The climate-fuelled crisis facing northern and mid-northern Canada’s ice roads earned Quotation of the Day placement in yesterday’s New York Times, as one of the world’s most influential daily newspapers focused on a mounting safety and resupply problem for dozens of small, remote communities.
“It’s taking longer for everything to freeze up, and the ice isn’t as thick,” Northwest Territories Infrastructure Minister Wally Schumann told the paper. “Ice roads are the lifeline of our communities, and now they’re at risk.”
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Unseasonable melting of winter ice roads has been a problem in the north at least since 2001, when participants at a circumpolar climate summit in Whitehorse, Yukon heard about safety concerns in the more northerly town of Old Crow.
But now, “Canada’s ice roads—more than 3,300 miles of them—have been freezing later and melting earlier, drastically reducing the precious window of time that isolated residents rely on to restock a year’s worth of vital supplies, or to simply take a road trip,” the Times reports. “Even in the depths of winter, increasingly frequent storms and thawing have made the roads more dangerous and sometimes too weak to use safely, prompting the authorities to close them for days at a time.”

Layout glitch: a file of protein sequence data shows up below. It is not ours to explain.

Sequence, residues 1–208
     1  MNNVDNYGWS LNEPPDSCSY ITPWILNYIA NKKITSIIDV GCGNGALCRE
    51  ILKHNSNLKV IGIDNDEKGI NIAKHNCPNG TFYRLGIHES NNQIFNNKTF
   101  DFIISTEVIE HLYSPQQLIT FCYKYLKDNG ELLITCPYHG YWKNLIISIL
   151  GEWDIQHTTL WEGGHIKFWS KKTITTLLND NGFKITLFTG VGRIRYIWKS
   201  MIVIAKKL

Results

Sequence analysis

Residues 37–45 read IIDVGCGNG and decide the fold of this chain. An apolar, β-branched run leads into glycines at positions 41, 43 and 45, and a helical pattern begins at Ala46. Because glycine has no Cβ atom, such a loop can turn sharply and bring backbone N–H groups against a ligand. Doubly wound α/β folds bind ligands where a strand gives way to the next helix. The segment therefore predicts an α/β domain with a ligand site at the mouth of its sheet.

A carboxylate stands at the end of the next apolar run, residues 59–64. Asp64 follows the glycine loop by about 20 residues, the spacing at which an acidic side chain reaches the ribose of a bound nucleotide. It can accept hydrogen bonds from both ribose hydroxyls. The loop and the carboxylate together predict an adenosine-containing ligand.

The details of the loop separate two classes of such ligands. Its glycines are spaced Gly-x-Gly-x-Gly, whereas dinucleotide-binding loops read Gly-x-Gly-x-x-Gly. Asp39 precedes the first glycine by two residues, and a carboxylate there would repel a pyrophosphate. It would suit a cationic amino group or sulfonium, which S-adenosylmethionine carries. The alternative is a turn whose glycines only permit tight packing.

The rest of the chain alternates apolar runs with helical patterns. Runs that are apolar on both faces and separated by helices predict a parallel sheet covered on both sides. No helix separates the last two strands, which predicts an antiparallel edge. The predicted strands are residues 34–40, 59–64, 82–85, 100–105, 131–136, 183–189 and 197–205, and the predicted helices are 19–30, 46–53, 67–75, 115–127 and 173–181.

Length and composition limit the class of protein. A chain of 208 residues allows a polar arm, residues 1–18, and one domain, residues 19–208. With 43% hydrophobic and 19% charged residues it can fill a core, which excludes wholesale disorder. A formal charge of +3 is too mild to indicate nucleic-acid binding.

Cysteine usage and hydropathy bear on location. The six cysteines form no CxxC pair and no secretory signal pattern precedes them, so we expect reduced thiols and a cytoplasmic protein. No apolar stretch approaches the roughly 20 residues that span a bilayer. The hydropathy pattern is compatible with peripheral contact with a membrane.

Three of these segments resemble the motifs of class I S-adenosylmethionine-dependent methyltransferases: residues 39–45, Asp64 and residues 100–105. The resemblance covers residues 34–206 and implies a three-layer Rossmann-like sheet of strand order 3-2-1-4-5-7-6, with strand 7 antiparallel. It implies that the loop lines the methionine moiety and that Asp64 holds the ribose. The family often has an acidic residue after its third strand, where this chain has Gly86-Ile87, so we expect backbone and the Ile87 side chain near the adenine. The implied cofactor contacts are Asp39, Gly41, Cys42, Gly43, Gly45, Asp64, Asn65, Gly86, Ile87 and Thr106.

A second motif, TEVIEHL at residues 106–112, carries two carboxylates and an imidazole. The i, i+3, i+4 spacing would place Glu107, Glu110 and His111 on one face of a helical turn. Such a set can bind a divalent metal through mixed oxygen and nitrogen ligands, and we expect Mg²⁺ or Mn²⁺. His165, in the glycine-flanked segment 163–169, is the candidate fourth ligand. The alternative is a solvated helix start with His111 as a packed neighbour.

The Northwest Territories are warming four to five times as fast as the global average, Canadian officials told the paper, and communities are seeing the impact of thawing sea ice and melting permafrost. And from the NWT to northern Ontario, the issue has become a matter of life and death.
“These roads are the only way our people can survive,” said Grand Chief Alvin Fiddler of Nishnawbe Aski Nation, which represents 49 First Nations in northern Ontario, including 32 isolated communities that rely on ice roads for fuel, food, and building materials. “Some of those communities nearly ran out of diesel fuel because an ice road opened several weeks late,” the Times notes, citing Fiddler. “Each community needs about 264,000 gallons of fuel to keep the lights on all year, enough to fill 40 tanker trucks. Flying it in would cost an additional $520,000, a prohibitive amount for a small village.”
Meanwhile, in Inuvik, NWT, permafrost is thawing badly enough to disrupt the foundations of buildings, requiring them to be demolished, CBC News reports. The permafrost loss is also releasing methane, a greenhouse gas that is far more potent than carbon dioxide.
“It scares me,” said permafrost specialist Kumari Karunaratne of the NWT Geological Survey. “This methane that’s being released is being released over huge areas across the north. And it’s continually seeping out.”